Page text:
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Other Exemptions Under Regulation D and the Overwhelming Popularity of Rule 506

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Regulation D, Rule 506

As you can see, the overwhelming popularity of Rule 506 is largely the result of preemption of state securities laws.  In fact, an analysis of Regulation D offerings based on approximately 27,000 Form Ds filed between September 15, 2008 and October 18, 2010 shows that even transactions with smaller offering amounts, for which Rule 504 or Rule 505 were specifically designed, overwhelmingly elected to use Rule 506.[1]

Imagine, for example, a small business that proposes to raise $1 million by offering its securities in three states.[2]  In a Rule 504 offering, on one hand, the issuer must meet the registration requirements in each of the three states in which it offers its securities, facing three distinct sets of rules and the residual risk that it might inadvertently fail to meet the requirements of one of the states (or federally), generating significant potential liability.[3]  In a Rule 506 offering, on the other hand, the issuer need not worry about the state requirements, but it faces the additional burdens of providing prescribed disclosures to purchasers and ensuring that sales are made only up to 35 unaccredited, qualified investors, which would significantly complicate a Rule 506 offering and raise transaction costs.[4]  These additional requirements of Rule 506, however, are taken care of if the offering is limited to accredited investors, as the rule imposes no specific disclosure in connection with sales to accredited investors (though some disclosure documents will still be advisable in almost all cases for liability protection purposes).[5]  Thus, issuers could rationally conclude that a Rule 506 offering limited to accredited investors would involve overall lower transaction costs than Rule 504 or Rule 505 offerings.[6]  Indeed, roughly 80% of all offerings in size range that would qualify for Rule 504 and Rule 505 are made under Rule 506 and limited to accredited investors.[7]

As one commentator points out, this appears to be an unintended outcome of how Regulation D evolved: Rules 504, 505, and 506 were adopted to strike the appropriate balance between capital formation and investor protection, hence the increasing level of protective measures based on the offering amount, to make it easier for small businesses to raise capital.[8]  But the burden of compliance with state securities laws seems to outweigh any benefits to be gained from such relative simplicity, forcing small business that otherwise would be more suited for Rule 504 or Rule 505 offerings to opt for Rule 506.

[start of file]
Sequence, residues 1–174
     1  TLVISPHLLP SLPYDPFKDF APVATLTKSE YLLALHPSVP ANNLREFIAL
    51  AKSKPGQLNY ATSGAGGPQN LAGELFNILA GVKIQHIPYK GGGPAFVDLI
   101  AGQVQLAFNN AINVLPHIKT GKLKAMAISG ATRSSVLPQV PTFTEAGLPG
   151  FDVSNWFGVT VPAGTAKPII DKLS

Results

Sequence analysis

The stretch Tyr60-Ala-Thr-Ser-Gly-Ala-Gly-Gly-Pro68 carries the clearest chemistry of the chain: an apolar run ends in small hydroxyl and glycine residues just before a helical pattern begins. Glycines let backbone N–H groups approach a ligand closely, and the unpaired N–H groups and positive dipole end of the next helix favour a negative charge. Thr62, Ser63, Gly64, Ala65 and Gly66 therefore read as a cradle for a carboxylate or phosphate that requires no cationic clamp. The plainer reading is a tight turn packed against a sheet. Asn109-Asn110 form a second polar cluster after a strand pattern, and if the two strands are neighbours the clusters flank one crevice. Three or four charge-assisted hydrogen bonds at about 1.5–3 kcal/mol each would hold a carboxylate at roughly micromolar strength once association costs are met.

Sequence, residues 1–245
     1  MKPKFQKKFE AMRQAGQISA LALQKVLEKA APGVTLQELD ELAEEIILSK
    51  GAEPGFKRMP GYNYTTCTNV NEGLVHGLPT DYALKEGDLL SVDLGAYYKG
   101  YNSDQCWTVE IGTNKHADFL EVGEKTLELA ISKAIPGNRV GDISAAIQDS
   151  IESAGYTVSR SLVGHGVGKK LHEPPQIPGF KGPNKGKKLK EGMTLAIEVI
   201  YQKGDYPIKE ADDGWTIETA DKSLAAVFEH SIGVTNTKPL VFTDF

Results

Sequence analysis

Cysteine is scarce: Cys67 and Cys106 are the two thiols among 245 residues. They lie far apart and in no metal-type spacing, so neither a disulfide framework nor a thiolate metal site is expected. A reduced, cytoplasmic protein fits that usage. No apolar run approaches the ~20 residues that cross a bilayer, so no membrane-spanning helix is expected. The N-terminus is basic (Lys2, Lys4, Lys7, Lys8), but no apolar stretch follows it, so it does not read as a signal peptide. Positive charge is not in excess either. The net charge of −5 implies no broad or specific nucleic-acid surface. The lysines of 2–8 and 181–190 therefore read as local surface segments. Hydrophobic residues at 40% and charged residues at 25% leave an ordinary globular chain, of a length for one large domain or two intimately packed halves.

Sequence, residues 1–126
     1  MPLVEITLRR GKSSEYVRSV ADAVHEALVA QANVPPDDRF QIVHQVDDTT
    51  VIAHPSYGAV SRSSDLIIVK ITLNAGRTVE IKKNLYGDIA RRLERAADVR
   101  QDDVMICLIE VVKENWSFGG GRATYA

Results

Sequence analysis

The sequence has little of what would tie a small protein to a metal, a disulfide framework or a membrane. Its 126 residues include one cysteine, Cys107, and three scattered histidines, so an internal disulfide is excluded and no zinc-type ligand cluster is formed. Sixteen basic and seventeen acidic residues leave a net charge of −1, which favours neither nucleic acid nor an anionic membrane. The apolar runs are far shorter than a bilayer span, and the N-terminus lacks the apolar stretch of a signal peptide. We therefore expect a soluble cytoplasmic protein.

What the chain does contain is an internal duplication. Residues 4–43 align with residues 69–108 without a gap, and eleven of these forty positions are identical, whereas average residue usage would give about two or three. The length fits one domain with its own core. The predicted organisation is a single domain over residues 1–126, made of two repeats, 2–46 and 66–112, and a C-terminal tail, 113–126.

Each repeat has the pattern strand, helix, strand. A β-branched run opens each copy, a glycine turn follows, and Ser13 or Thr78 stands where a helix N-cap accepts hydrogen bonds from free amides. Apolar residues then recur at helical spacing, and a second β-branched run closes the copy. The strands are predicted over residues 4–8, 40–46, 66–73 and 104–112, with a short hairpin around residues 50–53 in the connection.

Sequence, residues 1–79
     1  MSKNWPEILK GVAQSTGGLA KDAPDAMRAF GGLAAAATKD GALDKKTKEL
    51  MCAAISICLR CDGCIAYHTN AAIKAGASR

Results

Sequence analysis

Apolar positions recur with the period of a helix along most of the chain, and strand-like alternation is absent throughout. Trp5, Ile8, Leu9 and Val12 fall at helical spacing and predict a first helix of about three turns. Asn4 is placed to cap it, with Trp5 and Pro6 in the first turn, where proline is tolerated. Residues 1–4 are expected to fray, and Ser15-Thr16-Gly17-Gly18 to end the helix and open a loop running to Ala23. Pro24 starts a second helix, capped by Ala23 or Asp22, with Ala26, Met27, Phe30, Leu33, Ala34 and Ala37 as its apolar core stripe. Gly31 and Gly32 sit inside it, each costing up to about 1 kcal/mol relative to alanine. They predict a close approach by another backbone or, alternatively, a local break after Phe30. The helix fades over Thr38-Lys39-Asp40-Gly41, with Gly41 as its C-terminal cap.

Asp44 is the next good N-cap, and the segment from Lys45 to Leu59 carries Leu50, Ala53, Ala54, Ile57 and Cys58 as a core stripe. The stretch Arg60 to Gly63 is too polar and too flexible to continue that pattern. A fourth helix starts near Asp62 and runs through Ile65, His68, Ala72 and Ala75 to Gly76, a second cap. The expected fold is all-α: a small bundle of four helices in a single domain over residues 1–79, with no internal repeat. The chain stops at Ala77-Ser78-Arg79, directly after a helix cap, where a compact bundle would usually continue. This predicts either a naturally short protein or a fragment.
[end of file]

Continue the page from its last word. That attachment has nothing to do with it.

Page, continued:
This post was a part of a multi-post blog series on other exemptions under Regulation D and the overwhelming popularity of Rule 506.  You can find the other posts by searching our blogs at www.mcbrideattorneys.com.  If you have any questions about the content of this blog series or other issues not discussed here, please contact us.

If you have any questions about the content of this blog series or other securities law issues not discussed here, please contact us.

 

This posting is intended to be a planning tool to familiarize readers with some of the high-level issues discussed herein.  This is not meant to be a comprehensive discussion and additional details should be discussed with your transaction planners including attorneys, accountants, consultants, bankers and other business planners who can provide advice for your circumstances.  This article should not be treated as legal advice to any person or entity.

Steps have been taken to verify the contents of this article prior to publication.  However, readers should not, and may not, rely on this article.  Please consult with counsel to verify all contents and do not rely solely on this article in planning your legal transactions.

About the Author

Shawn McBride – R. Shawn McBride is the Managing Member of The R. Shawn McBride Law Office, P.L.L.C. which helps clients in legal issues related to starting companies, joint ventures, raising capital from and negotiating with investors and outside General Counsel functions. Shawn can be contacted at: (214) 418-0258; shawn.mcbride@rsmlawpllc.com, or www.mcbrideattorneys.com.

[1] Rutherford B. Campbell, Jr., The Wreck of Regulation D: The Unintended (and Bad) Outcomes for the SEC’s Crown Jewel Exemptions, Ohio State Entrepreneurial Bus. Law Journal, Vol. 7.2 (2012), at 295.

[2] Id. at 302.

[3] Id.

[4] Id. at 303.

[5] Id.

[6] Id.

[7] Id.

[8] See generally id.

Facebooktwittergoogle_pluslinkedinmailAbout the Author Shawn works successful, private business owners in their growth and missions to make a company that stands the test of time. You can email or call (214) 418-0258.

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